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New Georiga Case Law Clarifying the Intersection of the “Lunch Break Defense” and the “Ingress and Egress Doctrine:”

By: Zachary Kunz, Associate, Georgia

 

In Georgia, we know that employees who are hurt during a “regularly scheduled break” are generally not compensable. Wilkie v. Travelers Ins. Co., 124 Ga. App. 714 (1971). The so called “Lunch Break Defense” applies even if the injury occurs “within working hours and on the employer’s premises.”  An accident is not compensable occurs during a break time when the employee is provided a scheduled rest break or lunch break where the employee is completely free to do as he or she chooses because it is considered to have happened on purely personal time.  Thus, an injury occurring during the scheduled break period arises out of an individual pursuit and not out of his employment and is not compensable. Edwards v. Liberty Mut. Ins. Co., 130 Ga. App. 23 (202 SE2d 208).

It is also well known that an injury sustained during a reasonable period of ingress and egress on the employer’s premises is compensable in Georgia. Peoples v. Emory University, 206 Ga. App. 213 (1993).  The rationale of the ingress and egress rule is to allow an employee a reasonable time to enter and exit his place of employment before he is considered to be pursuing his own personal pursuits.

But what happens when these two separate theories collide? What happens if an employee is injured on the employer’s premises while leaving for his scheduled lunch break?

Until recently, the law had not clearly reconciled the lunch break defense and the ingress/egress rule, which resulted in seemingly arbitrary decisions with both sides arguing valid case law. For example, the law would provide different outcomes and coverage for an employee depending on their subjective intent to depart or remain on the employer’s premises during their scheduled break. Therefore, the Georgia Court of Appeals clarified these two conflicting lines of cases in their decision in Frett v. State Farm Employee Workers’ Compensation.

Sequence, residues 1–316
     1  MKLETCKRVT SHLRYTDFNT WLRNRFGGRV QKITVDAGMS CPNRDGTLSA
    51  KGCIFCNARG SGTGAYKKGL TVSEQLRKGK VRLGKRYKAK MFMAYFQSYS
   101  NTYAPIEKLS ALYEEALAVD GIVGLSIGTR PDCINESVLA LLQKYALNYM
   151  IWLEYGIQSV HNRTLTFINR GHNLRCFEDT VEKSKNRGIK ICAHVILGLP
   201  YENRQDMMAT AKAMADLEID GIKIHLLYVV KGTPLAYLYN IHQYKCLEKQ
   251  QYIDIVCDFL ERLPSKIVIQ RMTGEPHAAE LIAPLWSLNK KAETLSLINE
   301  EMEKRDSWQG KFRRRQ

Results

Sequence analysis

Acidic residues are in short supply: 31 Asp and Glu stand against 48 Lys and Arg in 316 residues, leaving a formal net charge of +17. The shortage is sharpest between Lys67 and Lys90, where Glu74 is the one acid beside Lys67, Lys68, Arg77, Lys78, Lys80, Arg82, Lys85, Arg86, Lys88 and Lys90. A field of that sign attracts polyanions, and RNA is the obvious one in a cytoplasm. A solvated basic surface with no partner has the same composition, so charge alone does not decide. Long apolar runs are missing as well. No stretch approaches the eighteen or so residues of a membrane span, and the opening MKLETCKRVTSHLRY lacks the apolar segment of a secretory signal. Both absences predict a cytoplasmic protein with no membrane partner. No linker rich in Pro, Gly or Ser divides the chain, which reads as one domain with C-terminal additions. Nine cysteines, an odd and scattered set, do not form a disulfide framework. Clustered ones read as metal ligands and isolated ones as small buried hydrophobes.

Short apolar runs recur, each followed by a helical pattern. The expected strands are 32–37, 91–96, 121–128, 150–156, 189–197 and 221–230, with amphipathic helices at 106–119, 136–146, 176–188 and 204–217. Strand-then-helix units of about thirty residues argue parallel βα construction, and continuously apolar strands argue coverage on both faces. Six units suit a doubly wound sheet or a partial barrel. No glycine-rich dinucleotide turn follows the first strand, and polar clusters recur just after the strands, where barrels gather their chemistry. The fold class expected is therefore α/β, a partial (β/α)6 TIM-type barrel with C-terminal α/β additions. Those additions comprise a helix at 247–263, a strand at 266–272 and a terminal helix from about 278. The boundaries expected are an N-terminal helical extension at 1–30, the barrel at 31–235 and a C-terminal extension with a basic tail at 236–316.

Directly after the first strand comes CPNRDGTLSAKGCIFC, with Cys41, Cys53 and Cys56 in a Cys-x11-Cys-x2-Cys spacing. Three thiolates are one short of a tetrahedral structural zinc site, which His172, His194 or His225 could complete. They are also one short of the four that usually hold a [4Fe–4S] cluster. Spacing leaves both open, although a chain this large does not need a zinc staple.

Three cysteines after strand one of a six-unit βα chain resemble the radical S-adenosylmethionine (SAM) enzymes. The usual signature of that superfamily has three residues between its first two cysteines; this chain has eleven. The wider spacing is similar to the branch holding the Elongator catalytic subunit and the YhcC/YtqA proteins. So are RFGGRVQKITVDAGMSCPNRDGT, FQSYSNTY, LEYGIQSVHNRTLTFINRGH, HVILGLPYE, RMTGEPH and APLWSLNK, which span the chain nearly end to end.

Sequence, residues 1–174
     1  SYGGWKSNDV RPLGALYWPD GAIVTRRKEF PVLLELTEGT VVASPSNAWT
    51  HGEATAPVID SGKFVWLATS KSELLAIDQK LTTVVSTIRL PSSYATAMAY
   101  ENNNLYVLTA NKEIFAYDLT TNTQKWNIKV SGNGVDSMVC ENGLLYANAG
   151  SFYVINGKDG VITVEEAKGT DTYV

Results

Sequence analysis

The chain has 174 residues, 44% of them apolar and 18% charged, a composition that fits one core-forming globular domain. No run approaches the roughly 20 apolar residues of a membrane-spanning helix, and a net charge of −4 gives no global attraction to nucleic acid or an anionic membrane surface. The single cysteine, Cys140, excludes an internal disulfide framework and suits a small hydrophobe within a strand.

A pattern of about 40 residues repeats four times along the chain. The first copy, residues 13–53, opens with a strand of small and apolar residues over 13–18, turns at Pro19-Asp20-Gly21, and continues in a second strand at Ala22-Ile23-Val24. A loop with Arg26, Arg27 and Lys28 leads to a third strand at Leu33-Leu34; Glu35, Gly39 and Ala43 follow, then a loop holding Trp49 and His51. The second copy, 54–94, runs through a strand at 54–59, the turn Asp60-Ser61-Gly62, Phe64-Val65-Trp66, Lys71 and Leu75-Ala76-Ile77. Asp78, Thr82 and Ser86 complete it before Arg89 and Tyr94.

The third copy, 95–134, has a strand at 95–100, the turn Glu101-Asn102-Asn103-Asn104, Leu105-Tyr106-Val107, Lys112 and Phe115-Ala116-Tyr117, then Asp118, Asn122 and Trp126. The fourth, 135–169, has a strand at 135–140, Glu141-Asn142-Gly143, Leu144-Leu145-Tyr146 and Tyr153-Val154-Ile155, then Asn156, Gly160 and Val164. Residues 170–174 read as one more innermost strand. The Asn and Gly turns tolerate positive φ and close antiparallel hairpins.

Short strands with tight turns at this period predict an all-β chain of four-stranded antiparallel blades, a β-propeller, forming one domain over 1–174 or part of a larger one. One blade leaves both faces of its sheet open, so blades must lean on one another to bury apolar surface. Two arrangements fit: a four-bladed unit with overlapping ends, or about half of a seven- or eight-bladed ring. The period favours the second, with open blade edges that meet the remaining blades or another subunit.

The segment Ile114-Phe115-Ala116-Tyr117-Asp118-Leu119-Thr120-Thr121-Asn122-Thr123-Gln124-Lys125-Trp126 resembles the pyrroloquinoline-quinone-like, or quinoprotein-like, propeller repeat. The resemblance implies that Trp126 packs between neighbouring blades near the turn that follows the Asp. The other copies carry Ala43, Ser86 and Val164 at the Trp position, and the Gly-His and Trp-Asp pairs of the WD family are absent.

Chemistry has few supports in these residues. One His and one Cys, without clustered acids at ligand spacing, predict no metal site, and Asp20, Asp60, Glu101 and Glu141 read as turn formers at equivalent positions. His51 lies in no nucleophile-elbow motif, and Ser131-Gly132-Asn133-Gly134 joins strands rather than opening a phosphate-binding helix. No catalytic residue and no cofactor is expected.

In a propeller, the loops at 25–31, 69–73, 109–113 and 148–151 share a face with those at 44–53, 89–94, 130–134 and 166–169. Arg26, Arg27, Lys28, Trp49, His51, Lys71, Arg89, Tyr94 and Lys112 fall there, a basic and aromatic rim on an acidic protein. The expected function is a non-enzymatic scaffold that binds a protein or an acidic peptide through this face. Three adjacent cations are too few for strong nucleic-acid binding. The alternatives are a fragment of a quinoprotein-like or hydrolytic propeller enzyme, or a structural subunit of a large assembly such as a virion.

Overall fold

In Frett, the Georgia Court of Appeals definitively expanded the “Lunch Break Defense” to include the time the employee is on the employer’s property going to or coming from his scheduled break. It further stated that the ingress and egress rule does not apply unless it is the start or end of their scheduled work day.  

In the instant case, Ms. Frett was an insurance claims associate for State Farm who was required to take a 45-minute lunch break at a set time every day.   During her break, it was undisputed that she would log out of the phone system and was free to do as she pleased. She often prepared her meals and ate in the breakroom or took the meal outside to eat on a bench or in her car.

On the date of her incident, Ms. Frett heated up her lunch in the breakroom and planned to leave the facility to eat her lunch. Before leaving the breakroom, she suffered an injury when she slipped on the tile floor.

As expected, the ALJ found this claim compensable and that it took place within the course and scope of her employment. The ALJ was overturned by the State Board, who found that the accident occurred during her scheduled lunch break and that it did not change the outcome of the case that she was still leaving the employer’s property because she was leaving to attend a “purely personal matter.”  The Superior Court agreed with the Board on appeal, leading the Claimant to appeal the claim to the Court of Appeals.

The Court of Appeals agreed with the Board and found that an injury sustained during a scheduled break was not compensable, even if it occurred during ingress and egress. The Court found that the injury did not arise out of her employment, but rather an individual pursuit. The Court further found that the extension of the ingress and egress rule to cover scheduled lunch breaks was improper as it weakened the Supreme Court’s decision in Farr, which can/should only be done by the Supreme Court.  The Court further wanted to establish a clearer bright-line rule, but did ask for the Supreme Court to weigh in on the issue. Moving forward until the Supreme Court decides to provide clarification, the ingress/egress doctrines should only be applied to the start and end of the work day.